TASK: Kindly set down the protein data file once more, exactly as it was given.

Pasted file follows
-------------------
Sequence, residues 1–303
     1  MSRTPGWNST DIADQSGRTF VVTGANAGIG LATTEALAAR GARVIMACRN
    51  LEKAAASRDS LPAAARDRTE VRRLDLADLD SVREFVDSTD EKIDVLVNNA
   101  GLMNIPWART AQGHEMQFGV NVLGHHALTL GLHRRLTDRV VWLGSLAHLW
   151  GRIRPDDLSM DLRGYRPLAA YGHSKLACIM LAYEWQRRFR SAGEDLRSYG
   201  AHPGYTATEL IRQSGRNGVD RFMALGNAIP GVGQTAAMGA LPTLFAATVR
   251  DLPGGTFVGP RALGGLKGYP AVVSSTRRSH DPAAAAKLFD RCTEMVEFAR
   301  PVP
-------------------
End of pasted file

Sequence, residues 1–303
     1  MSRTPGWNST DIADQSGRTF VVTGANAGIG LATTEALAAR GARVIMACRN
    51  LEKAAASRDS LPAAARDRTE VRRLDLADLD SVREFVDSTD EKIDVLVNNA
   101  GLMNIPWART AQGHEMQFGV NVLGHHALTL GLHRRLTDRV VWLGSLAHLW
   151  GRIRPDDLSM DLRGYRPLAA YGHSKLACIM LAYEWQRRFR SAGEDLRSYG
   201  AHPGYTATEL IRQSGRNGVD RFMALGNAIP GVGQTAAMGA LPTLFAATVR
   251  DLPGGTFVGP RALGGLKGYP AVVSSTRRSH DPAAAAKLFD RCTEMVEFAR
   301  PVP